The Republicans blocked equal rights for women. Really??

Dan Perry
5 min readJun 5


The “GOP” sinking of the ERA is part of a pattern of shamelessness for which this US party seems to pay no price

Photo by Samantha Sophia via Unsplash

The most remarkable thing about the recent vote in the United States Senate blocking ratification of the Equal Rights Amendment to the Constitution is how unremarkable it was. No one was surprised that all but two Republicans opposed something so basic — but it deserves examination and punishment. How can that be?

The century-old effort would enshrine the notion that “equality of rights under the law shall not be denied or abridged by the United States or by any State on account of sex,” and that Congress can enforce it. The ERA has been ratified by the needed 38 states, but several missed a 1982 deadline which the April proposal would have eliminated. It failed, because it needed a supermajority of 60 out of 100 Senators, requiring some GOP support.

But the sweeping Republican rejection of an idea as basic as equal rights for women is not the most surprising thing here. Two things are more surprising: that almost none of those who voted against seemed to feel the need to justify themselves — and that almost no one demanded it of them. And that’s because the Republican position is not only expected but part of a pattern.

Consider the Republicans’ astounding record of taking positions that either go against the clear will of the majority of Americans or are easily presentable as ethically dubious or even morally wrong — or both.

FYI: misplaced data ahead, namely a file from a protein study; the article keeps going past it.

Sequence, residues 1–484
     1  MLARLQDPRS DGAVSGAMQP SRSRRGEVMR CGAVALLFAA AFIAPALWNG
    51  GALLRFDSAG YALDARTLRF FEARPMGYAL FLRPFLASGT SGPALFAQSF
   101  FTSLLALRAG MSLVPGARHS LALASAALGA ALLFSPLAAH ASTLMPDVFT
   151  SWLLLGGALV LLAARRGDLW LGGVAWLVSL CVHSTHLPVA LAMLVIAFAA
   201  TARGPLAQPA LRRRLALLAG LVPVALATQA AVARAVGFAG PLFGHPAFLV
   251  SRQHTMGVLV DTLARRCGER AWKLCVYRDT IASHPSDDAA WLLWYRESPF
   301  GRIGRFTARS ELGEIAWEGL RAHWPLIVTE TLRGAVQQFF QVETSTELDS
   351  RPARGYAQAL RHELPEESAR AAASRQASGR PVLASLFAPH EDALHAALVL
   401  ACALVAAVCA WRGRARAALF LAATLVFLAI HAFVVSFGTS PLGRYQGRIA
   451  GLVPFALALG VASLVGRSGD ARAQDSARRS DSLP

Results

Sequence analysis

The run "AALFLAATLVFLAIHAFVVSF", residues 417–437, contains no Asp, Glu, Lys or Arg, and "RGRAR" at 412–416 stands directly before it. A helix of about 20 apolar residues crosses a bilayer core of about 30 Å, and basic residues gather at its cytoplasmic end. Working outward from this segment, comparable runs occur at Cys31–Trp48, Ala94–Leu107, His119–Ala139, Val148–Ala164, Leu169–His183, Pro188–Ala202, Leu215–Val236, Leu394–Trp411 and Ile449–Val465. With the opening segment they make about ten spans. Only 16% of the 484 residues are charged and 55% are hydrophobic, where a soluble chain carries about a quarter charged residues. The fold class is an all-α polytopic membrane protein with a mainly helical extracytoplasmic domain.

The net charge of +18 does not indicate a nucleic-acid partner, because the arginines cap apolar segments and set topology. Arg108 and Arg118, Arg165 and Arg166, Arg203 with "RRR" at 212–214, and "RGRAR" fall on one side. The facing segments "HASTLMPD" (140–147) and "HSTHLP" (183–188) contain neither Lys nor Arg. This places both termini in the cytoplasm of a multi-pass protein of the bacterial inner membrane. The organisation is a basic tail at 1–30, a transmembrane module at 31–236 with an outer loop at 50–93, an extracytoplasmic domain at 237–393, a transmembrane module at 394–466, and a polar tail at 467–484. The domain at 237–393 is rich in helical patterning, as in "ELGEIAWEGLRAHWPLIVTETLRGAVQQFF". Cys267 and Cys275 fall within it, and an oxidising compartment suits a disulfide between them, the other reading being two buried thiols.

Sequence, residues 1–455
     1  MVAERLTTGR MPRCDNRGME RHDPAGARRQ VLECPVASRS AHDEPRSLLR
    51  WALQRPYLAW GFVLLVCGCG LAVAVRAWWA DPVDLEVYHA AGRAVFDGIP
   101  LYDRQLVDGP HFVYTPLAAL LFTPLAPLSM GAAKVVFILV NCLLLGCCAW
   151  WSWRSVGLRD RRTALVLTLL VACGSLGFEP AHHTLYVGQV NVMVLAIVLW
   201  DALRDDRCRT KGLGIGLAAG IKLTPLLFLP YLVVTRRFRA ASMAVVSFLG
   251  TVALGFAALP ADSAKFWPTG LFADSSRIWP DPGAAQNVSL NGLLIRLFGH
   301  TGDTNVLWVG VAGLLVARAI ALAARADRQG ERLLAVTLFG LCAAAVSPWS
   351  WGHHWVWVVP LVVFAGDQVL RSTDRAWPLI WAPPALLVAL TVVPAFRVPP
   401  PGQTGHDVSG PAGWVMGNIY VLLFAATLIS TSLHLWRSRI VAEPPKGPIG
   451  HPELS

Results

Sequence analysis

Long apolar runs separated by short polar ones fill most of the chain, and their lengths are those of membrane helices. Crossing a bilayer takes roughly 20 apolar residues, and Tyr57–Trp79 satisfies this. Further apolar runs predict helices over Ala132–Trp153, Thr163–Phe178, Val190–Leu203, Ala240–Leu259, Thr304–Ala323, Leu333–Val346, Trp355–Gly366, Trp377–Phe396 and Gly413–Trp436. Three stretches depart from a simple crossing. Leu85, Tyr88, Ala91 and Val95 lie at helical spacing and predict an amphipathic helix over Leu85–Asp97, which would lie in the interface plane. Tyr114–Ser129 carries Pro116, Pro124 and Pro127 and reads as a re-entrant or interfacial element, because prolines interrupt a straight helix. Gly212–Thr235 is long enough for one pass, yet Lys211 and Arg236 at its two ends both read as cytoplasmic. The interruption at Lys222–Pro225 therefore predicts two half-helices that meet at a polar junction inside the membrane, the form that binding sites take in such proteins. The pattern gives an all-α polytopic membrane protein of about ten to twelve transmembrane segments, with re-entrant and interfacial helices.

A prime example of this is July’s near party-line vote against banning assault weapons, whose only purpose is to kill many people at once. Most polls, of course, show most Americans want stricter gun laws.

Republicans also showed no shame in pursuing measures that would throw millions of people off health insurance, or enact effective tax cuts for the rich in the developed world’s most un-egalitarian country.

Perhaps most shockingly, the Republicans also refused to convict Donald Trump in the Senate after he tried to steal the 2020 election and the Jan. 6 Capitol riots — in which people were killed — and continued to normalize him to the point that he may well be the 2024 nominee.

The common factor is that the Republicans rarely seem inclined to exert themselves offering explanations. This is odd, because it is human to at least show empathy and to try to persuade the other side — and it is just plain good debating tactics to concede the occasional point if only to then show why the counterarguments are stronger.

For example, it is not normal to just ignore that the US has the developed world’s most firearm deaths by multiples. Or that the rushed appointment of Amy Coney Barrett to the Supreme Court weeks before the 2020 election was the epitome of hypocrisy after the Republican-run Senate refused to hold hearings for Merrick Garland almost a year before the 2016 election, claiming not enough time.

No normative conservative party in the democratic world behaves in quite this way, with the possible exceptions of Fidesz in Hungary and the Law and Justice in Poland. In my travels as a foreign correspondent, I’ve turned every conservative stone. It’s close to unique.

What are the explanations?

Some blame the Republicans’ seething hatred for the various leftist excesses that often come under the (increasingly discredited) label of wokeness. It is a fearful disdain shared not only by their base but by some liberals as well — because aspects of the leftist agenda, like indifference to free speech, are illiberal. This kind of culture war indeed breeds scorched earth attitudes — but it doesn’t seem to justify the madness.